Most of all, as Dr. Lawrence Kotlow puts it, “Breastfeeding should be fun and enjoyable.” A baby should love to nurse and be comforted by nursing. Letdowns should come easily and not overwhelm the baby. The mother should be comfortable from the moment her baby first laches on and should stay comfortable no matter how long or frequently the baby nurses. She should not be constantly battling plugged ducts, mastitis, and thrush. The baby’s teeth should not constantly dig into her nipple while nursing. Nursing should not be a fight. If your nursing relationship is not what you wish it would be, don’t be afraid to get help to find out if it could be tongue-tie or something else that is affecting your nursing relationship.

Discovering that my children were tongue-tied was the beginning of a journey, not the end, and the story is still unfolding. An amazing network of support is forming here in Utah and in many other places around the world. If you suspect that you may be nursing a child with a tongue-tie, you don’t have to walk this path alone. Call La Leche League. Make an appointment with an IBCLC. There is support here for you!

http://www.kiddsteeth.com/nursingbookaugfc2011.pdf

http://lllutah.org/home/

http://www.ilca.org/i4a/pages/index.cfm?pageid=3337

https://www.facebook.com/pages/IATP-International-Affiliation-of-Tongue-tie-Professionals/154327071396819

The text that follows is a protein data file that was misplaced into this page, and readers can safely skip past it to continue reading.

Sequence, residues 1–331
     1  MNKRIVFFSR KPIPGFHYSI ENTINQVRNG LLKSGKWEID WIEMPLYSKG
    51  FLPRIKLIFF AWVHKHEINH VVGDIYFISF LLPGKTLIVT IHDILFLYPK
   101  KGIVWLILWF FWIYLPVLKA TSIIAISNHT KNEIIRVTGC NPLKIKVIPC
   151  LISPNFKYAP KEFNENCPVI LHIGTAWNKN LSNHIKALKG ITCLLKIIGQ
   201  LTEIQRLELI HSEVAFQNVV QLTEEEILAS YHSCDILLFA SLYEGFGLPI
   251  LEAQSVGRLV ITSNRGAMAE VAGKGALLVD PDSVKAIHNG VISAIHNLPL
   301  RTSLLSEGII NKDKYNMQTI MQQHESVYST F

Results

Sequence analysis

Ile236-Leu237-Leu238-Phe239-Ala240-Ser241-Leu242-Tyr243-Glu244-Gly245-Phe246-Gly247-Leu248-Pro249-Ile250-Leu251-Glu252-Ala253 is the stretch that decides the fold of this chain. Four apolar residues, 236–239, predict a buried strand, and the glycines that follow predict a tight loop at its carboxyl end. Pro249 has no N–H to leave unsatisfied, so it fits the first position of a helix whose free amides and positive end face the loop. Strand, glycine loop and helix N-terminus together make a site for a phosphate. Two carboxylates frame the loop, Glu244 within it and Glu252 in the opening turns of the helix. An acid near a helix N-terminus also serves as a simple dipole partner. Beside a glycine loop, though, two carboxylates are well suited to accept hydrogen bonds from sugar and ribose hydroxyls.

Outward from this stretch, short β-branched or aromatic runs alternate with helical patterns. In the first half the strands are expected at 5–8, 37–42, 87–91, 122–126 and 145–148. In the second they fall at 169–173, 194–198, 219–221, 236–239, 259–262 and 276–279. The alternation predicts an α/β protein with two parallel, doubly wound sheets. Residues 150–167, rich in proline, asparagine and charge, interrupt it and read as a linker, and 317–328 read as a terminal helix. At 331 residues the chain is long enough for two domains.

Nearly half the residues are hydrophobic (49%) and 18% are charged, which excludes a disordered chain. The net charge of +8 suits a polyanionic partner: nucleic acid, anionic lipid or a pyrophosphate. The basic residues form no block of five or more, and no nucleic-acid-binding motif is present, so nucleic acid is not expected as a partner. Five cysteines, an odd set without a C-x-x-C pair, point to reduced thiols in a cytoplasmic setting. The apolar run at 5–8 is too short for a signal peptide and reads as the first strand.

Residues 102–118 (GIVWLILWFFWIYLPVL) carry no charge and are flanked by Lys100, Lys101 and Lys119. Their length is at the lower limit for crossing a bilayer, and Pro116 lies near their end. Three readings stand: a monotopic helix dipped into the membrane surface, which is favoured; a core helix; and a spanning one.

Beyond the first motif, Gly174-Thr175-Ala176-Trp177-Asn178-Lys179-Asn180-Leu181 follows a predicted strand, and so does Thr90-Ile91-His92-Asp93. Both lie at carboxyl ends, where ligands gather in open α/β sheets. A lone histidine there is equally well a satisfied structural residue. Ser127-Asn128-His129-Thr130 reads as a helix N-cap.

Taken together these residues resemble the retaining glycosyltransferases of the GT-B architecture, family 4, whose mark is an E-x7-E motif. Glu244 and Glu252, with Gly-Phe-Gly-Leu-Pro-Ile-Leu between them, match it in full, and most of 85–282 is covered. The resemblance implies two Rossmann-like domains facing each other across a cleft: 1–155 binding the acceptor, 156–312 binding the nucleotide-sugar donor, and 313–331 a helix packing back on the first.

Photo7bySusanJohnsonJeana Jones is the mother of two beautiful children. She is a La Leche League Leader with La Leche League of Salt Lake City and the Library Liaison for this year’s Breastfeeding Cafe. She enjoys spending time with her husband and children, cooking delicious and nourishing foods, and constantly learning.

 


 
Here are more post by the Breastfeeding Cafe Carnival participants! Check back because more will be added throughout the day.

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LLLI – August 8th 2012

La Leche League is an international nonprofit, nonsectarian organization dedicated to providing education, information, support, and encouragement to women that decide to breastfeed their baby’s. I want to give special acknowledgement to La Leche League for their support throughout the years and for bringing the breastfeeding café to our community for the 7th year. A successful exciting time that has become a tradition in salt lake to celebrate to the fullest the art of breastfeeding.

Highlight activities for the café: Elizabeth Smith from the University of Utah Hospital will be presenting on How Birth affects breastfeeding from 10-11am. WIC peer counselor Brenda Poprsenovic will be at the café for breastfeeding support and questions from 1-4pm and if you want to apply for WIC the peer counselors can also inform you how.